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Thread: Research methodology question

  1. #1
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    Research methodology question

    We are implementing a new community healthcare program at work in order to reduce hospital attendances and admissions. The program began in June 2015 and the latest data we have is January 2016. During that time patients have been constantly referred to the program and hence the time in care can range from 0 to 7 months. Some patients have been discharged and are no longer receiving community care and some have been recently referred and awaiting assessment to see if they will be accepted into the care program.

    Management has come up with some KPIs for those currently on the program and those who have been discharged. Basically I’ve been told to just average the before and after attendances and admissions (before being 12 months prior to referral) as well as reporting the average length of time on the community program. I may be over thinking this but I think that is too simplistic and does not correctly convey what is actually happening and if we are seeing a true reduction.

    I was wondering if there was a methodology for analysing a dataset where observations are being added monthly and at any one time groups of patients have different lengths of time in care. If for example a patient had seven admissions before coming onto the program a month ago and now has zero admissions after one month, it doesn’t really say much, whereas in the same dataset a patient receiving community care for seven months with zero admissions compared to the twenty over the twelve months before, says a lot.

    Confused and hoping there is some existing methodology for this type of analysis. I'm not looking for answers, just pointers to methodologies for analysing this type of data which I can look up and research myself.

    Last edited by scotchpie; 03-17-2016 at 10:17 AM.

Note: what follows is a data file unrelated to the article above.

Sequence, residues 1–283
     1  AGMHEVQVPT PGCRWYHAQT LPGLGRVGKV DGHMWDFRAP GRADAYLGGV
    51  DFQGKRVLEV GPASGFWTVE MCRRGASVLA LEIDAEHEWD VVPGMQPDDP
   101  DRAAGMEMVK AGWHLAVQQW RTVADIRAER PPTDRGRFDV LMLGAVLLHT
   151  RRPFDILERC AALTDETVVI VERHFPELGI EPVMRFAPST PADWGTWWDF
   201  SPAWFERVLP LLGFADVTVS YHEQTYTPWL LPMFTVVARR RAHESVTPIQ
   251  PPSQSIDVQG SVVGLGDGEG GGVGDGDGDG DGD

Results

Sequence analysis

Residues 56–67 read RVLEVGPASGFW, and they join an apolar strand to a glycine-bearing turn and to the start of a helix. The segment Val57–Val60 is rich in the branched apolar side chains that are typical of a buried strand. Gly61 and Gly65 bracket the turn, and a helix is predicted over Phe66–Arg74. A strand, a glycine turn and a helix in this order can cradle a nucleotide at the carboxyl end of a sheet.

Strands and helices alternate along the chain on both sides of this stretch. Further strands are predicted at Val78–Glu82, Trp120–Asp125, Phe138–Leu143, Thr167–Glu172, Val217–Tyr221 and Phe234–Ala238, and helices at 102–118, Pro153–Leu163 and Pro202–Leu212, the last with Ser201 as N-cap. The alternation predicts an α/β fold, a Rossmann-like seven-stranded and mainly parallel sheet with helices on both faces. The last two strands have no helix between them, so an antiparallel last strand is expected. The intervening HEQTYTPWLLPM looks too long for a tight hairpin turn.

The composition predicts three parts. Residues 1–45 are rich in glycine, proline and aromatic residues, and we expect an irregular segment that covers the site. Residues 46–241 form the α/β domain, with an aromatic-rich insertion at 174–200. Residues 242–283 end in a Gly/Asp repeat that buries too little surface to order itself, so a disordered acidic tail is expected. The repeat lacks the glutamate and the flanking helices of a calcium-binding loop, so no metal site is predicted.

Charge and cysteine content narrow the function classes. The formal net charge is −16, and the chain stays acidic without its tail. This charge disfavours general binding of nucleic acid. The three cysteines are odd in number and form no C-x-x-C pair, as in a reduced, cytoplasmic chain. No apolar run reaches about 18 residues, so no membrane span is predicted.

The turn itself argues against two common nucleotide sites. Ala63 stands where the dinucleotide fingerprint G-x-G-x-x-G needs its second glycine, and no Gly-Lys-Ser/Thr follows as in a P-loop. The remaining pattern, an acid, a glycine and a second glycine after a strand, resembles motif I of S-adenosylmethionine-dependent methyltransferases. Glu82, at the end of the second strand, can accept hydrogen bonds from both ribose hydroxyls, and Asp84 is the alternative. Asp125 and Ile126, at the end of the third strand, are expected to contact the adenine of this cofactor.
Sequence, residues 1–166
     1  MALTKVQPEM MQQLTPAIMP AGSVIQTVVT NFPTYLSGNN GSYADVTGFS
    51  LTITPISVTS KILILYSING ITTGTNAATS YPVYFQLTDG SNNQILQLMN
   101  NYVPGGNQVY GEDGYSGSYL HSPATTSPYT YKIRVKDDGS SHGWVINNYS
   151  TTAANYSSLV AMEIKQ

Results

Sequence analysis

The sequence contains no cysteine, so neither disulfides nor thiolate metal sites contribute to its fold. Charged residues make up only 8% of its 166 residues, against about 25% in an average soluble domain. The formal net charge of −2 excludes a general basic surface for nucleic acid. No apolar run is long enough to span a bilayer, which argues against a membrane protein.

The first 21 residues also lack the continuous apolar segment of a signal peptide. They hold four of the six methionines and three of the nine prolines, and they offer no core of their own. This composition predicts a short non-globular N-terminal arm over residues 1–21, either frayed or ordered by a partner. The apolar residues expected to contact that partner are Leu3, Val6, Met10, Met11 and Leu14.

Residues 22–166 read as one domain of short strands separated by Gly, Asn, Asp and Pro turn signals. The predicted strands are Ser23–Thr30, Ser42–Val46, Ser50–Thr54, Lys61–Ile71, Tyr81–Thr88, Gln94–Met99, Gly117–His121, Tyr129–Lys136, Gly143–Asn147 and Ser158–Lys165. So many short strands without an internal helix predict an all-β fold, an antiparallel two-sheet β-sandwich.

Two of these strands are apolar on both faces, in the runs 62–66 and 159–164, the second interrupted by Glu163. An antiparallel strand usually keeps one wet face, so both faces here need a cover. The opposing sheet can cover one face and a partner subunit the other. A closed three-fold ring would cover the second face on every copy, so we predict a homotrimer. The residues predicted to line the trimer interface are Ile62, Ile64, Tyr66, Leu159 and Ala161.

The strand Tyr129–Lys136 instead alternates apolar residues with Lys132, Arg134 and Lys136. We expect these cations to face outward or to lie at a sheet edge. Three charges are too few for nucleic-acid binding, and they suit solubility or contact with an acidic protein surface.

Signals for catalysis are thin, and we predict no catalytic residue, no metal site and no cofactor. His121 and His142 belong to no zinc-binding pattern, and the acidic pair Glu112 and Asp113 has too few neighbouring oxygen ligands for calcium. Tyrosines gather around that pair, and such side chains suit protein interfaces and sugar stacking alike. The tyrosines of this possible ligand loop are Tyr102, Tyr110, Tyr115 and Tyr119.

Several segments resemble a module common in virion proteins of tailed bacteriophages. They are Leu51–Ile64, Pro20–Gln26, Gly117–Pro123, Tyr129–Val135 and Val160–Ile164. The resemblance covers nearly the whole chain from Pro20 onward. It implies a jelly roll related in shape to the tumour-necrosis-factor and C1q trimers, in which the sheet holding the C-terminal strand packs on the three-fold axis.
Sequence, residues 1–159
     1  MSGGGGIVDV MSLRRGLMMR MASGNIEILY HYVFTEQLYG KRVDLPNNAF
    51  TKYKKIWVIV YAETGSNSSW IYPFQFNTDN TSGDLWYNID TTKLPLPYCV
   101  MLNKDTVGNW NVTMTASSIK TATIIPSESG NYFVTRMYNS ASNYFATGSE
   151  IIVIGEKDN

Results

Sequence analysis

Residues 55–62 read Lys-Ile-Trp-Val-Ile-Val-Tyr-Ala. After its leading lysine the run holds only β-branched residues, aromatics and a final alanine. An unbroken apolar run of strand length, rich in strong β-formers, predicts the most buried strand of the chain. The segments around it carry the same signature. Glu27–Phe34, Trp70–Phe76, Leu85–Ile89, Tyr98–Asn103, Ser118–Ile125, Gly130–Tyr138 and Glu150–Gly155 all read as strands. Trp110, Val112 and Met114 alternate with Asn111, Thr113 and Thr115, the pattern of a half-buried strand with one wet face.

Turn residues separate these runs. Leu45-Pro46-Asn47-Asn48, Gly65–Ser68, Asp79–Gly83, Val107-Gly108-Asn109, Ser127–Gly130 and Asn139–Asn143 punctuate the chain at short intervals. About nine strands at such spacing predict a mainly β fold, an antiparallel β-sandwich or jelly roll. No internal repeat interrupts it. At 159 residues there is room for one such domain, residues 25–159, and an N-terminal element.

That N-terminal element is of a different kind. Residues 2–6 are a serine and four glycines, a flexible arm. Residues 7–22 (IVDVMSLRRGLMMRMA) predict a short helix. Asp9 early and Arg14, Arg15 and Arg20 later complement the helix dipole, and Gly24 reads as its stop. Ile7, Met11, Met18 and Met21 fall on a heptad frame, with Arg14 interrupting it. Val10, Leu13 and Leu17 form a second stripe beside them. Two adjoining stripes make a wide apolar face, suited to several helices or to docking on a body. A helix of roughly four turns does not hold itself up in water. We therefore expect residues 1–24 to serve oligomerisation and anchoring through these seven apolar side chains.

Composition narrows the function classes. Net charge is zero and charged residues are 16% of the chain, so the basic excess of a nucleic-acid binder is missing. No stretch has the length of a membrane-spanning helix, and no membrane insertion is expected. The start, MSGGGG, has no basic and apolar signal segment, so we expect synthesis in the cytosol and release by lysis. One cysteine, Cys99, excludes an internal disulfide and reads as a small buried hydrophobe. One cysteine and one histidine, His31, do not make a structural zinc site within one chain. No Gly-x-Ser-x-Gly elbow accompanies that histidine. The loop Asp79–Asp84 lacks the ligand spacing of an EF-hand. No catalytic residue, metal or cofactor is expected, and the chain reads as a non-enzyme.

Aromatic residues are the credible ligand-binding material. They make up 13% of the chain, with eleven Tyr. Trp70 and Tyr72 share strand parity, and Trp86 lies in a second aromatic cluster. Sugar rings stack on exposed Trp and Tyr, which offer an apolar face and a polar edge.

2. #2
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    Re: Research methodology question

    This is an "events in time" scenario. Events in time are typically analyzed using reliability techniques. Some of the reliability tools are referred to as survival analysis when you are in a non-product discipline, but the approach is similar.

    The terminology may sound confusing to a non-reliability person. For example, the use of failure. Just mentally replace the word failure with event, and the technique is the same. In your case, I would recommend a technique called reliability growth modeling. This is used to demonstrate whether the events in time are occurring at an increasing/decreasing/constant rate.

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    Re: Research methodology question

    I think to start you need to clarify what the dependent variable is. And the predictors. I think, although I am not sure, that it is if you admitted to a hospital. And the predictors are if you attend some other program and (perhaps) how long. Then you can simply test if the percent difference for those that attended the hospitals for those who had and did not have the intervention differed significantly.

    But again I am not sure I have characterized either the predicted or dependent variables correctly.
    "Very few theories have been abandoned because they were found to be invalid on the basis of empirical evidence...." Spanos, 1995

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